Frogg Toggs Ultra-Lite Rain Gear (Review)

I have been using Frogg Toggs Ultra-Lite Rain Gear now for several hiking seasons.  Choosing over other costly competitors for its weight and water repellency, and of course the price point. I can easily roughly fold it up and quickly shove it in my backpack.  Then pull it out in a timely manner when it starts to rain.

Disclaimer: Barefoot Jake purchased this rain protection with his own money, to replace old lightweight rain gear. He was under no obligation to write this article. Contains ads in the form of affiliate links.

Rain Jacket
Frogg Toggs Rain Gear in Olympic National Park

iPhone Cases of Olympic National Park

Do you love Olympic National Park? Most people these days have an iPhone or some kind of smartphone device. Now you can carry a little bit of the beautiful Olympic Mountains everywhere you go!

All funds collected go to help pay for my very expensive photography equipment, which I am still in the negative. Then you get to carry a piece of my art in your pocket. It's a win-win!

iPhone Case
Olympic National Park iPhone Cases

Northern Mountain Loop (Off Trail)

Having 6 days to burn, the goal was to do a loop hike in the northern part of the Park.  Secondly, I wanted to stay off trail as much as possible, to avoid other hikers.  Solitude is the best way to experience wilderness in my option. I call this backcountry route the Northern Mountain Loop.

We would need a good weather window in order to make this trip happen. There is sections where map and compass, even GPS will not do.  A mountain traveler must read the land and follow game tracks, in order to complete this strenuous journey.  Being in thick clouds would hinder the success of our adventure.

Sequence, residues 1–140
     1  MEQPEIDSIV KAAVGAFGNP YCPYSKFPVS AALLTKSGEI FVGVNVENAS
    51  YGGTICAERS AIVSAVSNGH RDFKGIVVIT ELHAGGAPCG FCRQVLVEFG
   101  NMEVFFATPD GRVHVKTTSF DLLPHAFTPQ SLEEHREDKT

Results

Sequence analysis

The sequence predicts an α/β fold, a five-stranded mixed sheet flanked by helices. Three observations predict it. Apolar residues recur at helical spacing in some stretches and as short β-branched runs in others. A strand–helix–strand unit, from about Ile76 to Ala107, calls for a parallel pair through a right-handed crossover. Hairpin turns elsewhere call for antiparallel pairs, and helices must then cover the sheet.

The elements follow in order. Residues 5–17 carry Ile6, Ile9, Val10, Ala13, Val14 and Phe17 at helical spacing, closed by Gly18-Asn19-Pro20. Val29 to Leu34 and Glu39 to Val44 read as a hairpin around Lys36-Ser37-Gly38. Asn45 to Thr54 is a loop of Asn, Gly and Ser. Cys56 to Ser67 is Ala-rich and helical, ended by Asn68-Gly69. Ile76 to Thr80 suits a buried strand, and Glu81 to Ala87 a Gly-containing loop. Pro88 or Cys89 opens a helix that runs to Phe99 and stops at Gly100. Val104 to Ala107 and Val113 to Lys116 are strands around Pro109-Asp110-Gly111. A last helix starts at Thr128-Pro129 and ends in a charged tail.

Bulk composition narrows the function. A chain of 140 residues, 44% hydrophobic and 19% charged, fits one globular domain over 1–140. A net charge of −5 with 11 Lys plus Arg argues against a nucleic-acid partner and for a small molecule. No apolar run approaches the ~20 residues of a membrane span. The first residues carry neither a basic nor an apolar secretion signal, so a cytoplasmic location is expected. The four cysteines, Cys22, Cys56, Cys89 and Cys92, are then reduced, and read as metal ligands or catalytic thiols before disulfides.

Disclaimer: The directions to this full route is not listed in any guidebook. Extensive land navigation and traversing of very steep terrain is required. Do not go off trail, if you are not prepared to turn around and make it back to the point of entry. 

off trail
Looking ahead at our route

Hiking Rules for the Internet (Social Media)

Leave No Trace Principles are seven rules used to educate hikers on their impact on nature. Less is definitely more.

In 2016 the National Park system is breaking records for visitation. This is a good thing to encourage others to get outdoors. Unfortunately, people at these numbers are taking a toll on the landscape. It's come to the point where I will not even visit most places featured by an article in the spring and summer months.

To lessen the strain on our Olympic Mountains, it's very important that we do not give out too much information about these fragile environments. Would you send out a letter to 20,000 people letting them know an exact location to camp at your favorite lake? I think not! but, that is what you are doing when you put out such details online. To make things worse, some of the time, it's for a private monetary purpose.


LNT Rules for the Internet (Social Media and Websites)

  • Never publish GPS data (including maps)

  • Don't publicly share names of accessible locations

  • Stop talking about the same location repeatedly

  • Maintain a safe distance from wild animals

  • Refer a new hiker to a guide book

Following these rules will severely make a difference on the high impacted areas. Some of which, will take decades to recover from. Let us make a difference now, before your favorite hike or campsite is a reservation or quota system.

Article by Barefoot Jake